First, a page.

December 2022 NewsLetter Newsletter

Focus on Qatar

The strategy of the Qatari government has been to shift the word’s attention away from its human rights record and on to sport and culture in a process of ‘sportswashing’. Hence its successful bid to host the 2022 football World Cup. Meanwhile, Human Rights Watch has documented LGBT+ people being subjected to police harassment and arbitrary detention. They can face imprisonment of up to three years and are risk of being sent to secret conversion centres or of so-called ‘honour’ killings by their families. They can also face the death penalty under sharia law. In addition, women need permission from a male guardian to marry and take certain jobs. It is also easy for a husband to divorce his wife but very difficult for a woman to divorce her husband, while the father always retains sole legal custody of the children.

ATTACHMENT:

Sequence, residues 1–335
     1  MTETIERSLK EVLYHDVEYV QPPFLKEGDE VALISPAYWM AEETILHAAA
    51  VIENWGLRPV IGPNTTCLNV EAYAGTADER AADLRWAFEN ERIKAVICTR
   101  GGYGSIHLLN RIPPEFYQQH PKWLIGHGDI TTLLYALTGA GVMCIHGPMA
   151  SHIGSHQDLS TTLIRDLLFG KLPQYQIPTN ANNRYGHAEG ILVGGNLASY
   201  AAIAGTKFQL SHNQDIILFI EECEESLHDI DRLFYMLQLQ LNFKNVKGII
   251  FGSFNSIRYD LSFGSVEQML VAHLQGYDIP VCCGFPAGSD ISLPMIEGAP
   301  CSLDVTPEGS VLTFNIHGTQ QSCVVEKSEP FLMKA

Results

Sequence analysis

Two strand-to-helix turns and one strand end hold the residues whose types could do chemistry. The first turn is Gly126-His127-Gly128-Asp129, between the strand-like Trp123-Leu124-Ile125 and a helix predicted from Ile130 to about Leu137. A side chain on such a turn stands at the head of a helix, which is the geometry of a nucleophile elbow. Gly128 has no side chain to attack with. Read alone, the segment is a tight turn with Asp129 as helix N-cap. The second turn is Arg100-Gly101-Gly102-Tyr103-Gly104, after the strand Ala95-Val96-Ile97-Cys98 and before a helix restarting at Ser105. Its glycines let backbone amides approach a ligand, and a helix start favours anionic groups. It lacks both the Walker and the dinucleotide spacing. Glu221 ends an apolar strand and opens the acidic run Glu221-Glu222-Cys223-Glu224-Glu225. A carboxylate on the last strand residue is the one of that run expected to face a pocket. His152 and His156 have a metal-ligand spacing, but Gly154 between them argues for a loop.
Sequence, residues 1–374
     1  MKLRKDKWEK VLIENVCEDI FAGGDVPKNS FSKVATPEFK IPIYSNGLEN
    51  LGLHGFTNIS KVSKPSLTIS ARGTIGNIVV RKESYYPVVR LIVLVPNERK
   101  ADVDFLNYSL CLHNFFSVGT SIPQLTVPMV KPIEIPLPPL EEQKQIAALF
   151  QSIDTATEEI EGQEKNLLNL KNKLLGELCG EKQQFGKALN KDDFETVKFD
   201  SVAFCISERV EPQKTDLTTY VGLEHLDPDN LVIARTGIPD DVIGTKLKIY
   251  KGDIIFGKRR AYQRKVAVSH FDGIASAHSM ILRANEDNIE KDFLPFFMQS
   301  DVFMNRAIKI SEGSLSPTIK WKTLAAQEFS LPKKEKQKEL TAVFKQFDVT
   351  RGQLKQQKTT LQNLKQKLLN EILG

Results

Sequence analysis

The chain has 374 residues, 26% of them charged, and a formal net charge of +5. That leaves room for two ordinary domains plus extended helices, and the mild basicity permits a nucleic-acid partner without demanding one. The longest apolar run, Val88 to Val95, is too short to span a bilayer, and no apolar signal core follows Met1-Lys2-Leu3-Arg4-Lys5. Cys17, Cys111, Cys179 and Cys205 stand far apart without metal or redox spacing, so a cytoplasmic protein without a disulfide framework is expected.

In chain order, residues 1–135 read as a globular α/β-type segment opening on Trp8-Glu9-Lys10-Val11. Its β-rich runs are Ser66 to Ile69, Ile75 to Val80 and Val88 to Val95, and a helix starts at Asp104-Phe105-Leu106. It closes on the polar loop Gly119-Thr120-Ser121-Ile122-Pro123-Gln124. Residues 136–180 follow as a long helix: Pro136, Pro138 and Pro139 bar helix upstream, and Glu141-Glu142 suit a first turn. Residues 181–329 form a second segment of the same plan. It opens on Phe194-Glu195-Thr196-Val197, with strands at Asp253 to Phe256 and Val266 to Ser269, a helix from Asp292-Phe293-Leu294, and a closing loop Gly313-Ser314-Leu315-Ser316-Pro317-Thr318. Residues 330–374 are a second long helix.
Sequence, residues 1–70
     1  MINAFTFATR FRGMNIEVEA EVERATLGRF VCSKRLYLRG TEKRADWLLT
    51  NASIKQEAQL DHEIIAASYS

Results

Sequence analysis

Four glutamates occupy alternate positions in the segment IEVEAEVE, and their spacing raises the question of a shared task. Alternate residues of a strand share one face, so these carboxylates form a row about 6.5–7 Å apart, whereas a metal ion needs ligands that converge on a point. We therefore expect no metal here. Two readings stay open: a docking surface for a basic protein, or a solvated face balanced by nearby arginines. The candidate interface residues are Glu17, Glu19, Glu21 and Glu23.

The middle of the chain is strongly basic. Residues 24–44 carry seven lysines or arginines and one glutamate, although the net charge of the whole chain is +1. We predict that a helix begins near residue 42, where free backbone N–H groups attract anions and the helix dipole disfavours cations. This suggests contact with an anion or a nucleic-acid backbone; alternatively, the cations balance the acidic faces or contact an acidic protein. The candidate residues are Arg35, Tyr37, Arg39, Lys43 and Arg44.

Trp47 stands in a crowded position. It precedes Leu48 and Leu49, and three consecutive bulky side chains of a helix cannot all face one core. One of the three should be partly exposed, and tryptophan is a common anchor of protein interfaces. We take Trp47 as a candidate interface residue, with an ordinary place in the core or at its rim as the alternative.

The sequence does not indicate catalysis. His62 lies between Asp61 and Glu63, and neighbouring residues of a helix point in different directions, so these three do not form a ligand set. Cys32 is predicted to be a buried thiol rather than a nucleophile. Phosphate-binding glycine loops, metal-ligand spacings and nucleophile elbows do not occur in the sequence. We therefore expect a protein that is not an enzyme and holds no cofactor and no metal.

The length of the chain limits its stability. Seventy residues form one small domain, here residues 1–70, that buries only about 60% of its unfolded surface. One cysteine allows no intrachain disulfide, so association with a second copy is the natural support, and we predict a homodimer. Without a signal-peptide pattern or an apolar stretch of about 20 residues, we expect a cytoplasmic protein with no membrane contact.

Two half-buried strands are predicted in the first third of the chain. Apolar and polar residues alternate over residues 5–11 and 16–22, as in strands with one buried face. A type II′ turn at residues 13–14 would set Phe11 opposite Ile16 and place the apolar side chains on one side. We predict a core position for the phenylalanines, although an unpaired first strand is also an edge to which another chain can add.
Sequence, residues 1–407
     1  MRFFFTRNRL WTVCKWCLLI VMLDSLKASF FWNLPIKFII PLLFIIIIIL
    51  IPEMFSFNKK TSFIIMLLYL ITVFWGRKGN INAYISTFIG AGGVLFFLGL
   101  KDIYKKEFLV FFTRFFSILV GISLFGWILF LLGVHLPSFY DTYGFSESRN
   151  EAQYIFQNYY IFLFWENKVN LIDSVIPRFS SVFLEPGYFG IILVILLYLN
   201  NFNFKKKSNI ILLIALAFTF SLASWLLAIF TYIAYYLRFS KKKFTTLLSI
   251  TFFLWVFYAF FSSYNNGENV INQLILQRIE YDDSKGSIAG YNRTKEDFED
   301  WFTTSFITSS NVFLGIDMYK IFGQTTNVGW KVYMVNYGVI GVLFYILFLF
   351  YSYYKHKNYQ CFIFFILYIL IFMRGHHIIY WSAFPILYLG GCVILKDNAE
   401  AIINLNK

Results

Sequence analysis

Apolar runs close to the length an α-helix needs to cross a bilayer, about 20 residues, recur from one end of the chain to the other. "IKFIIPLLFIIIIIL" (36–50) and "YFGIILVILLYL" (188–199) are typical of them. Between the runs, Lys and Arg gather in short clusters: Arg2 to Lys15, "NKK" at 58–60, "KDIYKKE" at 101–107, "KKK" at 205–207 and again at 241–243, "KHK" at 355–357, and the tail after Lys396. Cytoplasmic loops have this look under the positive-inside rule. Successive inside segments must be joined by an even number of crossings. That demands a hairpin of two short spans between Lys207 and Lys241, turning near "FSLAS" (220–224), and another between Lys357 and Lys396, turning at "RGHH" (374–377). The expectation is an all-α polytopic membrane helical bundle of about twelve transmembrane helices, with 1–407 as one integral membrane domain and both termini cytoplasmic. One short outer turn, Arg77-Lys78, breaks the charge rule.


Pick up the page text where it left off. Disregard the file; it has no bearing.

But what of Britain’s relationship with Qatar? The Qatar Investment Authority has £40bn of British assets, including stakes in Barclay’s Bank, Sainsbury’s, Heathrow Airport and British Airways. It also owns Harrods, Claridge’s and the Shard, amongst other prestigious properties. Qatar has also donated more than £25mn to UK universities, including Oxford, Cambridge and Imperial College London. Further, Sir John Jenkins, a former UK Ambassador to various Middle Eastern countries, in a report published by the think-tank Policy Exchange, warns that Qatar is playing an increasing role in facilitating and funding Islamists. He writes: ‘In its foreign policy, Qatar has often pursued a route in conflict with British interests – for example supporting Islamists in Libya and hosting Hamas. It has been accused of tolerating private funding of Islamist terror groups.’ He argues that ‘the nature of their relationships and cultural investments require more scrutiny than they have received today.’ Read this report at